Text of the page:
Sunday, October 11, 2009

Beware of FOX TV Entertainment

It's odd that conservatives tend to prefer Fox news for at least representing the "right" side --when you consider the trash tv they produce like Nip/Tuck, Sons of Anarchy, Rescue Me and Testees. The Parents Television Council lists these as "among the worst, most depraved programming available on television" --available in 80 per cent of U.S. households as part of expanded basic cable packages.

Sons of Anarchy has encouraged necrophilia, violence and lawlessness. Dangerous criminals lead exciting lives without the downsides of reality. The lead character in Rescue Me is about a fire fighter who is an abusive, adulterous, recovering alcoholic and drug addict. 20 or more uses of explicit obscene or profane words and graphic sexual terms occur every episode --and masturbation is a running theme.

--obviously a play on words --is about two human guinea pigs at a testing facility who endure various obscene situations that I won't describe here.

PTC urges us to become informed and active in convincing cable and satellite providers that this network should at least be a pay channel, so we can reject it and not have to pay for it!

Suffice it to say, we need to tell our cable and satellite suppliers that we're fed up with this particular Fox channel and they need to exercise some restraint in what they make available to 80 per cent of American homes. It's all well and good to exercise parental controls on televisions --or "just turn it off," as liberals are wont to say, but what about those children whose parents are unaware --who won't exercise restraint --or whose kids get around the controls when Mom and Dad can't be home? Do we really want our children influenced by kids who grow up on this junk? And they WILL be affected.

"God is not willing that any should perish, but that all should come to repentance and have eternal life."--the Bible


matthew said...

Fox is owned by Rupert Murdoch, who is well known for publishing outright pornography in the UK. Fox, for years and years, has produced some of the worst stuff on television. It boggles my mind that so many Christians tolerate it at all.

But really, it's not just Fox... Why not just get rid of these idiot boxes altogether? Television is clearly the idol of our age. We arrange the furniture in the most widely used room of the house around these things. We eat in front of them. We organize our free time around the images they show us. Televisions provide the graven images of our day.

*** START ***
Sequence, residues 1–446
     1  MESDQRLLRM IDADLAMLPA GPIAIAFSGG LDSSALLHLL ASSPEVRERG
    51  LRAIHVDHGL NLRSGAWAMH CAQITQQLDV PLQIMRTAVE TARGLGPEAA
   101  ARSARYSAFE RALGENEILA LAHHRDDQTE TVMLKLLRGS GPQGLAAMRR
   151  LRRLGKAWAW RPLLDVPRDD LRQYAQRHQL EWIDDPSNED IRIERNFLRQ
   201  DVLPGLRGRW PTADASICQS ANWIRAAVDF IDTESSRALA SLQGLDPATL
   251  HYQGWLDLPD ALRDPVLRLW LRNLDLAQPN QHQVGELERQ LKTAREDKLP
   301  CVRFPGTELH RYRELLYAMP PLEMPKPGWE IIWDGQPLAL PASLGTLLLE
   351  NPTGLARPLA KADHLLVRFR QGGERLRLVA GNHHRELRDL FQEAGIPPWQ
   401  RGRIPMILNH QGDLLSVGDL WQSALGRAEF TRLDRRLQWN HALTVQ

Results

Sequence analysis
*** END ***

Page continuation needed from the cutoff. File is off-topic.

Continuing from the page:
We got rid of ours about six years ago and it was the best thing we ever did. We haven't been to a movie theater since then, either. I would encourage this for everyone. Why do Christian parents invite into their homes a device that glorifies wickedness 90% of the time? Really? This box just sits there inviting everyone to passively stare at wickedness. Do we not see the danger in it? But we'd rather ban things like tobacco and alcohol and shelter our kids from these things which could harm the body while we tolerate and embrace the things which will destroy the soul. I'm convinced it's just laziness. If we get rid of the TVs we'll be forced to talk and interact and read and learn actually do things in the evening.

Barb said...

Well, I think TV is here to stay as home entertainment --so groups like Christians and Parent TV Council and the AFA rightly evaluate and decry and work against the accessibility of bad tv where kids can see it--and the lack of cable choice of basic family-friendly packages.

I don't think laziness is the motivation for tv watchers, either --it's the love of entertainment over other options! (including the work or creative things we could be doing.)

I recall hearing the Gothard home school fellows say the first thing they would do when they turned 18 and moved out would be to buy a tv. They really felt they had missed something--along with competitive sports denied them.

IN general, I expect the children of tv-free homes will be most enriched and I do admire those who make it their choice.

Today's schools --like AW--give so much extracurricular activity and time-consuming homework --that along with music lessons and church --our kids mostly saw it in the summer and some on Saturdays. I can't think we had much time for it on school days. In fact, we probably ate in the car on the way to and from band practice, etc. more than in front of the tv.

I remember hearing Miss Ohio's mom tell how they ate and dressed in the car, so full were their schedules between school and extra- curriculars.

matthew said...

There may come a day when one of my sons tells me he's getting a tattoo as soon as he turns 18. I'll be disappointed but I won't just throw in the towel and take him to get one right away.